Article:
‘Star Trek: Discovery’ Review: ‘Choose Your Pain’ Puts the Crew in a World of Hurt

Star Trek Discovery Choose Your Pain Review 2

Okay, what was with that ending of the latest Star Trek: Discovery episode? Did “Choose Your Pain” turn Star Trek into a horror show?

“Choose Your Pain” is, as the title suggests, filled with tons of pain, including the minor pain of seeing another Stamets continue to look in his bathroom mirror while the real Stamets walked away. The only levity found in this episode, aside from the first usage of the f-word in Star Trek history, was Rainn Wilson’s highly enjoyable Harry Mudd. Seeing this Star Trek OG character was a sight for sore eyes. Speaking of sore eyes, let’s get into the types of pain caused by both the Klingons and Starfleet.

Lorca’s Eye Problem

As a person with 20/80 vision, I sympathize with Lorca trying to protect his eyes at all costs. When he’s captured by Klingons, I had to actually avoid looking at the screen since the Klingons’ choice of torment for Lorca was to subject his eyes to harsh light. I’m squeamish about any kind of eye prodding.

I thought he would have gone blind after that. Conveniently for the action sequences, he did not, but it seems like his eyes have been badly damaged. He’s been told to get his eyes “fixed,” but what does that entail? Does that mean Lorca will don some eyewear like Geordi La Forge’s visor?  That’d be cool.

Also: we find out he’s killed an entire crew before his turn on the Discovery. It’s a shocker, even though Lorca has been portrayed thus far as a possible villain. But was it for a good reason? Was he really trying to keep them from being abused as Klingon POWs? My money is on him just being bloodthirsty.

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Tyler’s Sexual Assault

Poor Ash Tyler (Shazad Latif) was a victim of sexual assault aboard the Klingon vessel. What else does the line “the captain of this ship has taken a liking to me” to mean? Thankfully, Tyler managed to escape with the help of Lorca, but not before he got some licks in on his attacker. Yes, his attacker is a woman Klingon.

Considering the news we’ve been hearing from Hollywood and the film criticism industry over these last few weeks, it’s quite poignant that this episode would air now. It provides another layer to the conversations we’ve been having about victims and predators. In this case, Star Trek: Discovery is shining a light on male victims of sexual assault at the hands of female perpetrators.

The insinuation that Tyler has been raped repeatedly by the Klingon captain was so subtle in the dialogue between Tyler and Lorca that it’s easy to look past it, or even excuse it away as Tyler purposefully using his sex appeal to his advantage. But the way he swings at the Klingon captain tells a different story. He’s trying to throw back some of the pain she’s caused him.

Tyler’s victimhood might also go unrecognized by some viewers due to how much our society’s view of toxic masculinity keeps us from seeing men as sexual assault victims, especially when it’s at the hands of a woman. Male victims are often scorned or seen as weak. Just look to last week, when Terry Crews revealed he had been sexually assaulted by a powerful Hollywood executive. While Crews received tons of support, there were also people — many of them men — wondering why he didn’t say anything and why he, as a man, didn’t do anything, particularly since his assailant was another man. Some people assumed Crews couldn’t be a victim just because he’s a burly man (that’s not counting the racial implications there are to this assumption).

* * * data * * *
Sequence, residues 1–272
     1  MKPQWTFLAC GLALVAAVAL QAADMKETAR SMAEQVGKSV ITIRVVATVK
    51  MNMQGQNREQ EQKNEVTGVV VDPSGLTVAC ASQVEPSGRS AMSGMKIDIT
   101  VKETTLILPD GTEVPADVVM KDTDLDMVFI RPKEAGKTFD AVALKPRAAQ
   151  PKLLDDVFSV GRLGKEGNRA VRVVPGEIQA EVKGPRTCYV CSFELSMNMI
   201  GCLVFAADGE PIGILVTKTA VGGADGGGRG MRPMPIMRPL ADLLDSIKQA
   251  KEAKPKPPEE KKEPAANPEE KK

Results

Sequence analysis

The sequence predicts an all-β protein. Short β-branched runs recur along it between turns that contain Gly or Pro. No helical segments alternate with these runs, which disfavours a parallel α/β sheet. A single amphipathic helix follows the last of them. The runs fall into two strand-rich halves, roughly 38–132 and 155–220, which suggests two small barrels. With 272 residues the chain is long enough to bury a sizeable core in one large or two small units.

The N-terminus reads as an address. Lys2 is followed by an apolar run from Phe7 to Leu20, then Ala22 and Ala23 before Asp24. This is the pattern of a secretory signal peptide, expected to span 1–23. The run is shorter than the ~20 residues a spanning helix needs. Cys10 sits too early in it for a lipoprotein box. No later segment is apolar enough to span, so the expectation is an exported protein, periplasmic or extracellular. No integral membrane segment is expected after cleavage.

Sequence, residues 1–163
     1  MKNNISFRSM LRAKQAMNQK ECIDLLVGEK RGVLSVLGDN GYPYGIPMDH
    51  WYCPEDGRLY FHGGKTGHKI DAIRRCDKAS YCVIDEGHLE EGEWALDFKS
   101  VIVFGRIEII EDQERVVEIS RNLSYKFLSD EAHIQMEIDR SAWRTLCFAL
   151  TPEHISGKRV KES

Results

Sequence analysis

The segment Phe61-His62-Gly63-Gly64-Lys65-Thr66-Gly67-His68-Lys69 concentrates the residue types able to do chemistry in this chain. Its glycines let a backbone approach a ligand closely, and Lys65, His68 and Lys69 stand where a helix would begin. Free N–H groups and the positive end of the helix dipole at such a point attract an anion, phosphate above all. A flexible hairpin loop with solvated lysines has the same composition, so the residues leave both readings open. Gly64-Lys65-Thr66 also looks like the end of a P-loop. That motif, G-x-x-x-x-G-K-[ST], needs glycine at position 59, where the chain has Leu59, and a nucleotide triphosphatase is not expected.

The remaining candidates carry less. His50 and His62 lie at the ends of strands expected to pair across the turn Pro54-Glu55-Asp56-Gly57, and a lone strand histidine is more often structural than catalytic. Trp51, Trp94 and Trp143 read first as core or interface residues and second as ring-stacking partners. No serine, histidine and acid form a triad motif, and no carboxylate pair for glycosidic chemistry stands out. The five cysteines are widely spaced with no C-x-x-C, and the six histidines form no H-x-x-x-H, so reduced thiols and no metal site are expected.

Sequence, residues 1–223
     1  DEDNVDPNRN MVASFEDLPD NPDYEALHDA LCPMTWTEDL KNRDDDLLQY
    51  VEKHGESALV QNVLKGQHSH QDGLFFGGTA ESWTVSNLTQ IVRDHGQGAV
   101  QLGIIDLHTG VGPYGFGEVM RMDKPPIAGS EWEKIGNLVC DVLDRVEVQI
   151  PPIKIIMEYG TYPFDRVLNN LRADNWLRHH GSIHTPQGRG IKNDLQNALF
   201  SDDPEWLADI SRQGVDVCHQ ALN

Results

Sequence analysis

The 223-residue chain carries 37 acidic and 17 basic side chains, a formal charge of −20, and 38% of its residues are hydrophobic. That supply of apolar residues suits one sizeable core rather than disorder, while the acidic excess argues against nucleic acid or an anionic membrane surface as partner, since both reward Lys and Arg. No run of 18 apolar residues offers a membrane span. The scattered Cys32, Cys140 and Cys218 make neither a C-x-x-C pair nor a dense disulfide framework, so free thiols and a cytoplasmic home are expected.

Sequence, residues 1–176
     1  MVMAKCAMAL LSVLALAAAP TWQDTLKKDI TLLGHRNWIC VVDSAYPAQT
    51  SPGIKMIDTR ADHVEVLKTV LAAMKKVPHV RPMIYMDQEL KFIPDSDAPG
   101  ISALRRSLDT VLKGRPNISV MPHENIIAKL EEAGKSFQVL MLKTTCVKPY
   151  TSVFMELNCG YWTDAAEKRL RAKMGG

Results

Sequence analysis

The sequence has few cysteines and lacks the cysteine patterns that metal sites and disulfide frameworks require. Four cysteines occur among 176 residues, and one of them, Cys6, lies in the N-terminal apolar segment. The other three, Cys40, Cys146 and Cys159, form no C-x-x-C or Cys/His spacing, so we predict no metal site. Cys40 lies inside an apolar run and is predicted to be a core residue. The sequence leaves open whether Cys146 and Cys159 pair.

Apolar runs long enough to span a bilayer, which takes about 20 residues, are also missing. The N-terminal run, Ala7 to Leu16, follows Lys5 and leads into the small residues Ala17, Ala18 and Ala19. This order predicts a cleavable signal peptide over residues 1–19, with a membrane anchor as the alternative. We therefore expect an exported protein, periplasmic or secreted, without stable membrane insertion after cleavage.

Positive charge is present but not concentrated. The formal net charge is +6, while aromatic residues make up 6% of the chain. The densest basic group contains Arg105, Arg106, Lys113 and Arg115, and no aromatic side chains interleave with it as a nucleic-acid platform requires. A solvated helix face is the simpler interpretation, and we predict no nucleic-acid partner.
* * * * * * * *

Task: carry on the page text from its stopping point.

While women are often wrongly stereotyped as “asking for it,” male victims are also stereotyped in the same way. Somehow, it’s always painted as the victim’s fault — not the perpetrator’s — for their own assault. Even worse for men is when other men might congratulate male victims for “getting lucky” if their assailant happened to be a woman.  I haven’t seen much on the internet in the way of actually recognizing Tyler’s trauma — I’ve only seen one person tweet about wanting the show to explore Tyler’s PTSD. I’ve also seen a person say Tyler ended “a relationship” with the Klingon captain? This was no relationship. Hopefully, Discovery will explore this further. After all, Star Trek has always been about using science fiction to tackle real world social, moral, and ethical questions and quandaries. It’s only right for the new show to dig deep here.

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The Tardigrade’s Abuse

Seeing the Discovery crew abuse the tardigrade so much was quite painful. I won’t go into a “Would the original Star Trek have done this?” debate since the Discovery is a ship under duress in a myriad of ways. However, the tardigrade’s suffering provided a much-needed moral wake-up call for the science crew, which — thanks to Michael — realized the tardigrade was in distress.

They realized this too slowly, though. Honestly, it’s quite surprising and tone-deaf for the crew to not realize that this animal could have some form of sentience. Even Saru, who is prey on his planet, assumes the animal has no smarts. You’d think he of all people would understand what it’s like to be, well, preyed upon.

Folks were also slow to get into gear solely because it’s Michael giving them the advice. I get she got nearly everyone on board the Shenzhou killed, including the beloved Captain Georgiou, but doggone it, do they still not get that everything she does involves trying to save people’s lives?

On the flip side, everyone’s got a right to be mad at her, especially Saru, who idolized Georgiou as much as Michael did. Saru expected to become Georgiou’s next Number One, but, as he told Michael later, he never got that chance. His grief increased when he was made acting captain in Lorca’s absence; a role he felt he would have been more prepared for if he had gotten the same training from Georgiou as Michael did.